Subject Re: [Firebird-Architect] Feature request...
Author unordained
Ann, thanks for taking an interest.

The semantics I would expect from nested transactions are as follows:

(At the global database level)
- A transaction is truly committed if it has committed and all parent transactions have committed.
- A transaction is truly rolled back if it has rolled back or any of its parent transactions have
rolled back.

(If parent transactions are still active, then sub-transactions may have some of these properties,
but aren't finalized.)

- Sub-transactions would have the same isolation properties relative to each other and their parent
transaction as concurrent transactions have to each other and the state of the database (outside of
any transaction) ... yes, sub-transactions could deadlock.

I would expect sub-transactions to see everything their parent transaction(s) did up until the
spawning point, and I would expect parent transactions to see everything their sub-transactions
have done once they've committed (rejoining the parent, thus acting as if the parent has performed
those actions directly)

I would expect the global database level (and new top-level transactions) to potentially (based on
isolation level) see changes by sub-transactions only once those sub-transactions' top-level
transactions had committed.

I would expect that the order of sub-transactions would be irrelevant (in the same sense as
concurrent transactions don't have an order per-se): multiple sub-transactions could be started
simultaneously, without previous sub-transactions having finalized yet. I think of save-points as
sequential along the path of actions by a transaction, allowing you to back up to any point along
that linear path. Am I wrong in that respect? If so, then we're a lot closer than I thought.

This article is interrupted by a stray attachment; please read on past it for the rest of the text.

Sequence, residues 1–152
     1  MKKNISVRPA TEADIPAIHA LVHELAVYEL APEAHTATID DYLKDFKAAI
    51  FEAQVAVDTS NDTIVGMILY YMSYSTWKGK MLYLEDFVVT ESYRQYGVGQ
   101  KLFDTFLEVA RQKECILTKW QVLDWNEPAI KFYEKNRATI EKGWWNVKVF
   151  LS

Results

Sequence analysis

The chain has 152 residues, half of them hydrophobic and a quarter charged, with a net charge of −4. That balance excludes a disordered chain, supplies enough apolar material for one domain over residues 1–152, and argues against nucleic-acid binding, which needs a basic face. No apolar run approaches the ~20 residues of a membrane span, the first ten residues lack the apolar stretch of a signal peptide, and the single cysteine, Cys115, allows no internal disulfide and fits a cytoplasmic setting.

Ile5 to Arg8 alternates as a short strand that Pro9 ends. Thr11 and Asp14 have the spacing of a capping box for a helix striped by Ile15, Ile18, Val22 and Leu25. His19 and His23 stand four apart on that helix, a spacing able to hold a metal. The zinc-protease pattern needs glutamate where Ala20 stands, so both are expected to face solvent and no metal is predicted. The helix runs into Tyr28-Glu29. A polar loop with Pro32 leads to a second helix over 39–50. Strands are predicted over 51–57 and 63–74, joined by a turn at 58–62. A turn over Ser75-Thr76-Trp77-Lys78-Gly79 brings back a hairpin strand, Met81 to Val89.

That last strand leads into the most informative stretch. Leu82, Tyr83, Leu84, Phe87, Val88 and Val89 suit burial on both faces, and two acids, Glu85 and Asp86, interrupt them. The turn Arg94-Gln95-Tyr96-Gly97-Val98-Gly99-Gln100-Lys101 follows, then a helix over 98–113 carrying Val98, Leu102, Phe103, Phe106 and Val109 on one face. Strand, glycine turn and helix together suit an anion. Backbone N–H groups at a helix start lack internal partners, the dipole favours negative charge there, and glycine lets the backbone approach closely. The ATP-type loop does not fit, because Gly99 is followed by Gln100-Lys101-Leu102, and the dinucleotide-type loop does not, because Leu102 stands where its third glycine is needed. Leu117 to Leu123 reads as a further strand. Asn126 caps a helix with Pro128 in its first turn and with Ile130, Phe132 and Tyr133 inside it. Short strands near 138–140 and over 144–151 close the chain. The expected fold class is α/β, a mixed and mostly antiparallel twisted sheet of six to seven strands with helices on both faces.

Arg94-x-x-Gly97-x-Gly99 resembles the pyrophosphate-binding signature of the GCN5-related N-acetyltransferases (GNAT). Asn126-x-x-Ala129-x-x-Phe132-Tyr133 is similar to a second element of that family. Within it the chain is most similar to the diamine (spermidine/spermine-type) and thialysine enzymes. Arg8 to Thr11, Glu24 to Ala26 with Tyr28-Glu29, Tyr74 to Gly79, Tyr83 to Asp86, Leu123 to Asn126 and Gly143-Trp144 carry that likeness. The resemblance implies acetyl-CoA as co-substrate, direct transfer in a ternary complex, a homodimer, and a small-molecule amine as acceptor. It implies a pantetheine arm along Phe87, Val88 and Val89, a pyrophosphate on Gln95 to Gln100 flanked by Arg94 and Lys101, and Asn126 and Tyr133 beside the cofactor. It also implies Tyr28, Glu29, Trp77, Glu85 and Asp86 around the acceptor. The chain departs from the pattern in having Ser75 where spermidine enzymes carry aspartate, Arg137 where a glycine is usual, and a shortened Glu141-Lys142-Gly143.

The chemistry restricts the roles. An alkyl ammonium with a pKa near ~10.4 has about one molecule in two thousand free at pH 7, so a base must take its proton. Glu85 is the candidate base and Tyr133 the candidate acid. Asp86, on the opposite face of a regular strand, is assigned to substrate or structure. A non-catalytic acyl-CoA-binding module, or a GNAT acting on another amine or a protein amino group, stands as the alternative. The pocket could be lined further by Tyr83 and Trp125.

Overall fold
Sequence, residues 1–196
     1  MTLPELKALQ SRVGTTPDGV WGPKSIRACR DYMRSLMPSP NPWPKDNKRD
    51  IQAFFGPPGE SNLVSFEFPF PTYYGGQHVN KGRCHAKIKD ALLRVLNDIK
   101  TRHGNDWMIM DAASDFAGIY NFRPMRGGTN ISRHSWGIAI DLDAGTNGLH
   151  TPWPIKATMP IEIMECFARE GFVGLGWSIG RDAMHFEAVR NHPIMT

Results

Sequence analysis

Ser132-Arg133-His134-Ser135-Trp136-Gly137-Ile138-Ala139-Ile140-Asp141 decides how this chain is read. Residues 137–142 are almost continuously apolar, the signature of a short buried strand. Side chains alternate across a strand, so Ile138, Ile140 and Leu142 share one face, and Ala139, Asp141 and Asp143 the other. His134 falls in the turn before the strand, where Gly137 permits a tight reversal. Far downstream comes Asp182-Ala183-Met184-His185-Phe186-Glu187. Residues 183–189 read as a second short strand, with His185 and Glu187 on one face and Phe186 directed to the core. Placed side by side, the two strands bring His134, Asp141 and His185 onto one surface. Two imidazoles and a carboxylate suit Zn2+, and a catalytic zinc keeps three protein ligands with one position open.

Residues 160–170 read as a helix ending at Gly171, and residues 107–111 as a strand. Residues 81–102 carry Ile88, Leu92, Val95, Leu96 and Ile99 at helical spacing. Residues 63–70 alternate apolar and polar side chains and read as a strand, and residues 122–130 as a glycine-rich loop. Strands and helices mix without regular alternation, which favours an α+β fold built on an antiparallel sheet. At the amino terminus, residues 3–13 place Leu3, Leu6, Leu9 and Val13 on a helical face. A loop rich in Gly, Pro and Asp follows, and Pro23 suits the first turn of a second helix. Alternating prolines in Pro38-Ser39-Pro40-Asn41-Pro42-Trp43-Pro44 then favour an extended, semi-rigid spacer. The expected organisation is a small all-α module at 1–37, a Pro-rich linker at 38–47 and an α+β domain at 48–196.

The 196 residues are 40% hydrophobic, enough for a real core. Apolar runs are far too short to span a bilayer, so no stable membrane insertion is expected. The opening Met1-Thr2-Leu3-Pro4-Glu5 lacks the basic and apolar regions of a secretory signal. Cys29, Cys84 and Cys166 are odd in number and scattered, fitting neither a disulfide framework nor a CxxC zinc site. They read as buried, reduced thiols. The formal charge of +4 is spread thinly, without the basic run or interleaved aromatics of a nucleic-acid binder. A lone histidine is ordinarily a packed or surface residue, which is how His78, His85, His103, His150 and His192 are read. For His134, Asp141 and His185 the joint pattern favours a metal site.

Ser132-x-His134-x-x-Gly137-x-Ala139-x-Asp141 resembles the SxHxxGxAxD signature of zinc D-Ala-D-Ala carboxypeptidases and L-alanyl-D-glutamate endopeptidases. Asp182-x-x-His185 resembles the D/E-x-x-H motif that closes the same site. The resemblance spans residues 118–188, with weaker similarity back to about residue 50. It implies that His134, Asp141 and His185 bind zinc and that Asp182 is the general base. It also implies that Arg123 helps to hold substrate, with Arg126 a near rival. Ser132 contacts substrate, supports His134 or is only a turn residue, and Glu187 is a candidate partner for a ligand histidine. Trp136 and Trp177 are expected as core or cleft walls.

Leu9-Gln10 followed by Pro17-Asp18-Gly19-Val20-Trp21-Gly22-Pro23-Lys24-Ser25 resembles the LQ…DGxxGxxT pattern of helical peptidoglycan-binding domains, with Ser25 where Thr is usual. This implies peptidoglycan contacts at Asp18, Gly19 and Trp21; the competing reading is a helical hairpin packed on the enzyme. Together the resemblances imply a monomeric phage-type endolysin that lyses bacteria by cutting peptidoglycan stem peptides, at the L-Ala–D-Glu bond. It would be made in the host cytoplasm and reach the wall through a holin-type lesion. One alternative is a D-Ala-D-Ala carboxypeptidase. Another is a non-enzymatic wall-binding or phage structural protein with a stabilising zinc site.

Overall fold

I don't think I'd ask for the split/join semantics I've seen mentioned in some papers. (Merging two
random transactions could be interesting, at least; but splitting one, and making each new
transaction responsible for a sub-set of the actions of the original transaction, would just be a
pain to even request -- and should have been done in the first place by starting separate

As I've never played with a system that allowed this ... I may be imagining something I don't
actually want. It happens.

It would make it easier to take existing code performing actions and bind everything together; let
the existing code think it's committed, but let it do so in the context of a parent transaction you
control, with the possibility of undoing any part of the task (I'm writing a lot of Wizard screens
at the moment, which repeat the functionality of a lot of smaller but harder to use record screens -
- one advantage is that you can do any of the work in the wizard without committing, but doing any
of it with records means you've committed each little chunk of a greater task, and order may or may
not matter) ... That probably didn't make sense. Sorry.

The non-linearity would be a big implementation problem, I'd think. While the MGA can store the
back-versions appropriately, the inventory tables would have to handle more complex logic for
determining which other transactions a given transaction can see into. And the API for requesting
this could get nasty ... along with the over-the-write protocol (one transaction is currently
expected to do one thing at a time -- suddenly it'd be spawning multiple sub-transactions, all of
which could be simultaneously active.)

If I'm wrong about the linearity issue, then ... many many apologies?


---------- Original Message -----------
> >Hmmm. All this talk of concurrent transactions, like looking at an open
> >bag of munchies, just
> >reminded me that I have a craving: fully nested transactions ... (feature
> >request)
> What semantics do you want for nested transactions? Firebird 1.5 has
> savepoints which give you the effect of nested transactions with these
> semantics:
> 0) Inner and outer transactions can see each other's work.
> 1) The outermost transaction can commit or rollback.
> 2) Inner transactions can only rollback.
> 3) When an inner transaction rolls back, its changes are undone, permanently.
> 4) When a transaction with inner transactions rolls back, all changes are
> undone, regardless of the state of transactions inside it.
> 5) When the outermost transaction commits, all changes made by inner
> transactions that have not rolled back are committed.
> 6) Inner and outer transactions can not deadlock against each other.
> Multiple transactions give you these semantics:
> 0) Multiple transactions from a single connection are independent.
> 1) They do not see each other's work.
> 2) They commit or rollback independently.
> 3) They can deadlock against each other.
> If you want to allow an inner transaction to commit, what happens an outer
> transaction rolls back? What does that do to transaction consistency?
> Regards,
> Ann
> Yahoo! Groups Links
------- End of Original Message -------